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Alien life 'lurking in Venus clouds'

9News.com.au logo 9News.com.au 21/12/2021 Richard Wood

Alien life forms nurtured by acid-neutralising chemical reactions could exist in the clouds of Venus, scientists say.

The planet - 47 million kilometres from Earth - may be more habitable for life because of the presence of ammonia, a new study suggests.

Scientists have long been puzzled by the detection of ammonia - a compound of hydrogen and nitrogen - in the atmosphere of Venus.

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A global view of the surface of Venus, the closest planetary neighbour to Earth. © NASA A global view of the surface of Venus, the closest planetary neighbour to Earth.

The gas was first detected in the 1970s and by all theories should not be produced through any chemical process known on the planet.

While Venus is Earth's closest planetary neighbour, its harsh environment makes human life impossible.

Droplets of sulfuric acid - strong enough to burn holes in your skin - fall from the planet's clouds.

But a new study by researchers from Cardiff University and Cambridge University in the UK and the US Massachusetts Institute of Technology suggests if ammonia is present, it would trigger chemical reactions that could support life in the Venus environment.

The scientists modelled a set of chemical processes to show that ammonia would set off a cascade of chemical reactions that would neutralise surrounding droplets of sulfuric acid.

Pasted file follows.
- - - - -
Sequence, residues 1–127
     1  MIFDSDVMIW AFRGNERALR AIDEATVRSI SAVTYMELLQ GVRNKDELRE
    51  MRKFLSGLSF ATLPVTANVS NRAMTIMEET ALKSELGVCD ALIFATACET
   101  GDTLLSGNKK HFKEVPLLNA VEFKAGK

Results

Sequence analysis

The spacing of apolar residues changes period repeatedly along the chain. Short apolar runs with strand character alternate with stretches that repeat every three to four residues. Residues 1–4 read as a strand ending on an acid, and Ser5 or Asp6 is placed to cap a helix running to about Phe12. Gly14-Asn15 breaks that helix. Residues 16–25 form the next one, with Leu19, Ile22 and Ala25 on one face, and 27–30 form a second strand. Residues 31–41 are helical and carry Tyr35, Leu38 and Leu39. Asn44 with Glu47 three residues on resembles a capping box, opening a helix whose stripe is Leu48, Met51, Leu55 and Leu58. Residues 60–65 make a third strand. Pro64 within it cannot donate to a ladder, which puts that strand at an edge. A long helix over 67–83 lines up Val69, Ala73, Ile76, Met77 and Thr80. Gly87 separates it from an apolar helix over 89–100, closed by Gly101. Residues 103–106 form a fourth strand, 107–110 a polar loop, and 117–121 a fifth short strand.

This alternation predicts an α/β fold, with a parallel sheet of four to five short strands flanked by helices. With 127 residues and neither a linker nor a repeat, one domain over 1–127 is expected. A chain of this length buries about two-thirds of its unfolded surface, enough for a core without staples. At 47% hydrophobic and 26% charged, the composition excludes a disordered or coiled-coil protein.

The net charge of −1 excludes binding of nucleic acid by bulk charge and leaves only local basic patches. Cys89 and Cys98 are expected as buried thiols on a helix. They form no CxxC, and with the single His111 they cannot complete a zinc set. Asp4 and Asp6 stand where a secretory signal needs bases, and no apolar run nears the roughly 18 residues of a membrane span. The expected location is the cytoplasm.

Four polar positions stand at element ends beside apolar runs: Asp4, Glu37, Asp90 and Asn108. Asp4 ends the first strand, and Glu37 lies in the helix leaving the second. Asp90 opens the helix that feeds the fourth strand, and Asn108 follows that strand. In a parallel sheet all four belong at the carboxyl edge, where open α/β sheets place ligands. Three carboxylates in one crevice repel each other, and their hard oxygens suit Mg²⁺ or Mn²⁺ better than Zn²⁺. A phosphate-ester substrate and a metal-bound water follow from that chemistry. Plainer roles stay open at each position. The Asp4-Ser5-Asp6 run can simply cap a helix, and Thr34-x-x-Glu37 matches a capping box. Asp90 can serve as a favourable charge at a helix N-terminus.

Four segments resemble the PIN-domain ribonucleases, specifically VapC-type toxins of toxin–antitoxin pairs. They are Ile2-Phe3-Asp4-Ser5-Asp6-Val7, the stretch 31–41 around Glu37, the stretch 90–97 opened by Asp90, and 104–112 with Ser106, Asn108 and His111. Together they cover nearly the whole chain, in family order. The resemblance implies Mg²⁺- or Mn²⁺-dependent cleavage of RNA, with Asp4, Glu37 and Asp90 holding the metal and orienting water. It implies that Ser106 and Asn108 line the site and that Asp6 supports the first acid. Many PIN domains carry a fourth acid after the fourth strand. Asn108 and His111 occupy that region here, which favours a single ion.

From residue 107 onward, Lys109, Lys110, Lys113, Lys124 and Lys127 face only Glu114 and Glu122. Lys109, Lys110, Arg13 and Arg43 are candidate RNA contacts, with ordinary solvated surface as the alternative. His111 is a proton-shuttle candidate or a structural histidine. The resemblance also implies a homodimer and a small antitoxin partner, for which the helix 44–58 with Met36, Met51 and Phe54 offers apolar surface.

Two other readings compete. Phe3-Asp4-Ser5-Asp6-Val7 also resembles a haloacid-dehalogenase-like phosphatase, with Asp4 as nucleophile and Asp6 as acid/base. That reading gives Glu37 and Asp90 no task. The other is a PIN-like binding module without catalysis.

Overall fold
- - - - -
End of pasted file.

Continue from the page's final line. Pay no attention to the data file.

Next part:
If this occurred, it would increase the pH of the clouds from roughly -11 to 0.

While still very acidic, this would be within the range of acidity that life could tolerate.

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The researchers noted that there are lifeforms on Earth that produce ammonia to neutralise and make livable an otherwise highly acidic environment.

"We know that life can grow in acid environments on Earth, but nothing as acid as the clouds of Venus were believed to be," co-author of the study William Bains, from Cardiff University, said.

"But if something is making ammonia in the clouds, then that will neutralise some of the droplets, making them potentially more habitable."

The scientists suggest that that the most plausible explanation of the presence of ammonia on Venus is that it is of biological origin, rather than a nonbiological source such as lightning or volcanic eruptions.

The study is published in Proceedings of the National Academy of Sciences.

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